8 interesting stat races to watch

Get ready for the most -- and least -- important races down the stretch

September 14th, 2021
Art by Tom Forget

It's the final weeks of the season, the home stretch, the grand finale. Postseason races are heating up, cellar-dwelling teams are looking to cause some chaos and, of course, there are statistical milestones to reach and personal achievements to accomplish. Some are meaningful -- Max Scherzer's 3,000th strikeout for one -- and some are decidedly not.

But that's what makes baseball great -- there's always something to care about, even when it's remarkably silly. Here are the eight statistical chases to keep an eye on down the stretch. We'll go from the most important to the most esoteric.

All stats through Sept. 13's games

1. Can Vlad Guerrero Jr. win the Triple Crown?

I don't know about you, but when I was 22, the only record I was approaching was "most IKEA furniture in one living space." And yet Guerrero, in just his third big league season, has a chance of doing something that's been done five times since 1947: He could win the Triple Crown.

The slugger leads the American League in batting average at .318, leads the Major Leagues in home runs with 45, and is just four RBIs back of leader José Abreu. History is against Guerrero, but with Vlad hitting .364 so far this month and with the entire Blue Jays offense transforming into an unstoppable juggernaut, anything can happen.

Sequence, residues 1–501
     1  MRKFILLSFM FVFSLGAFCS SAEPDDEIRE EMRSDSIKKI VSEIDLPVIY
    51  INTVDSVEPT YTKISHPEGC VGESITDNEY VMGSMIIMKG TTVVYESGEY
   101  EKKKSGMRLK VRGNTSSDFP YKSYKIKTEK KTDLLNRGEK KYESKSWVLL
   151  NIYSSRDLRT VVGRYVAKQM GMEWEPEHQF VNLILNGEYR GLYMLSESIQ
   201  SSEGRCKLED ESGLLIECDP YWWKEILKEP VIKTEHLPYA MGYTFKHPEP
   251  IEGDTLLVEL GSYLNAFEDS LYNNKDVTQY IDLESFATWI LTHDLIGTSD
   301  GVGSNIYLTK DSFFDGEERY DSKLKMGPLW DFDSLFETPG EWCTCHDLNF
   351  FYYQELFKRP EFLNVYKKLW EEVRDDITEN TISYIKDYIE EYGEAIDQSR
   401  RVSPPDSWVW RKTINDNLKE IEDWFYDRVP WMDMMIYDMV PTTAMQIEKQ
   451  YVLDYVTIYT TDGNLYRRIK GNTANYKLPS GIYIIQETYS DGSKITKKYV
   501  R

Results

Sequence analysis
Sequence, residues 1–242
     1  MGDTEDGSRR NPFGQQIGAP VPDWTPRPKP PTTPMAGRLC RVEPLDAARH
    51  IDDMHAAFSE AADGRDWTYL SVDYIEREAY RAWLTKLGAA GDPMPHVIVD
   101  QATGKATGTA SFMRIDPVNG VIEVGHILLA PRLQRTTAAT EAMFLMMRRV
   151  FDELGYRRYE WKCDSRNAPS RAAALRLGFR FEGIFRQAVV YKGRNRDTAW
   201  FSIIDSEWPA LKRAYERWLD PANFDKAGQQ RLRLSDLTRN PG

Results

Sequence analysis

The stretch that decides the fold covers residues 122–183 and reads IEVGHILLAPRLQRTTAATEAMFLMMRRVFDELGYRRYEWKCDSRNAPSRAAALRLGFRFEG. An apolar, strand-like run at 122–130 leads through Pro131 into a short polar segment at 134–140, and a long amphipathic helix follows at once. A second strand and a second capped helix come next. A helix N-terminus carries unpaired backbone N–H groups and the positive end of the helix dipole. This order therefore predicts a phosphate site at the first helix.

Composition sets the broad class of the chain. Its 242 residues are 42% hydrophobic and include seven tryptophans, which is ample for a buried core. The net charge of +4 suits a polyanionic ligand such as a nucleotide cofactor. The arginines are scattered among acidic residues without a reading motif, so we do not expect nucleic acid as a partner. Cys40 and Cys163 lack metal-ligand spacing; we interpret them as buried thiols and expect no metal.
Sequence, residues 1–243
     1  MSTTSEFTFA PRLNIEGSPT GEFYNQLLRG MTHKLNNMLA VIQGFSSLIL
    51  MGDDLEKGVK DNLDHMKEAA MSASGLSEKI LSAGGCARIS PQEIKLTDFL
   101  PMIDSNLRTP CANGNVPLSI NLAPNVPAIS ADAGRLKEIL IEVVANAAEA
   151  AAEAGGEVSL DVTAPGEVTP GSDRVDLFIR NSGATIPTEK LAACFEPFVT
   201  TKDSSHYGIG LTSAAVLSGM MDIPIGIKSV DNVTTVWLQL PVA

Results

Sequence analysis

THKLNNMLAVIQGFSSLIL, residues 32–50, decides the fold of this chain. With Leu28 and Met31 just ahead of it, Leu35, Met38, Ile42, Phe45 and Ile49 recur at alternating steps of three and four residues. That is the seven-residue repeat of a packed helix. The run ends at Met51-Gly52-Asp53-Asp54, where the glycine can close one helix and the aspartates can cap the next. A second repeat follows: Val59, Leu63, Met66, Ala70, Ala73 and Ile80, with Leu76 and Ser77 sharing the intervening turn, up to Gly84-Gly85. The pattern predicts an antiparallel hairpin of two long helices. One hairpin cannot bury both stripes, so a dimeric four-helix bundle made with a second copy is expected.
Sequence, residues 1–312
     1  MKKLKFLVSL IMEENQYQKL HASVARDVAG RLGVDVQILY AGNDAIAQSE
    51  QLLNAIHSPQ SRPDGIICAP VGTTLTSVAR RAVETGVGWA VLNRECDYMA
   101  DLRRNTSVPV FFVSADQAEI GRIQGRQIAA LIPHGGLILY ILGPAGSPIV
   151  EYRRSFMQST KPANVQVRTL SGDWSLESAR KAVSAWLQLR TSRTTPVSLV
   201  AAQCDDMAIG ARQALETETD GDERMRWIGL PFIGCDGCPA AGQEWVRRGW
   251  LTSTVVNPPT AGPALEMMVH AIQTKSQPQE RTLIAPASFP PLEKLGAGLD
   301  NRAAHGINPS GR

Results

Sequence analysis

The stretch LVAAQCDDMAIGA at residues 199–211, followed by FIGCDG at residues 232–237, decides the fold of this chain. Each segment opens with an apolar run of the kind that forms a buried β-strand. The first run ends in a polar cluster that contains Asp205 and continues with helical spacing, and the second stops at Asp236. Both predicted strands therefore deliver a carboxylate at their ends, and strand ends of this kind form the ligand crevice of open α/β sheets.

2. The Home Run Crown

Contenders: Vlad Guerrero Jr. (45), Shohei Ohtani (44), Salvador Perez (42)

For Guerrero to win the Triple Crown, he'll need to win the home run title -- but Ohtani is doing his best to make sure that doesn't happen. Ohtani's 44 home runs are already plenty unexpected -- never in the history of the sport has a player hit this many home runs while also throwing over 100 innings. Babe Ruth topped out at 29 homers while doing the same.

Perez is staying in the conversation, too. He's already hit the most home runs for a catcher since Javy López hit 43 in 2003, and if Perez does win the title, it would be the first time a catcher led the league in home runs since Johnny Bench accomplished the feat in 1972.

Fernando Tatis Jr. currently leads the National League with 38 home runs, but you probably won't guess who is second with 34: Braves left fielder Adam Duvall. The 33-year-old outfielder spent much of the 2019 season in Triple-A and signed a one-year, $5 million contract with the Marlins over the offseason before being traded back to Atlanta in July. He'll probably do a little better on the free-agent market this time around.

3. The MLB RBI Title

Contenders: José Abreu (107), Salvador Perez (105), Vlad Guerrero Jr. (103)

RBIs may not have the same importance as they once did, but ask a player how they feel about topping 100 RBIs and you'd quickly realize how much weight they still hold. Abreu, the American League's reigning MVP, is also looking to become the first player in 30 years to lead the AL in RBIs three seasons in a row. The last player to pull that off? Cecil Fielder, from 1990-92.

Perhaps most impressive is how close Perez is to the top. All the other contenders are playing for teams who are among the Major League leaders in runs. The Royals rank 24th, with Perez driving in over 17 percent of the team's runs.

4. The Stolen Base Race

Contenders: Starling Marte (45), Whit Merrifield (40)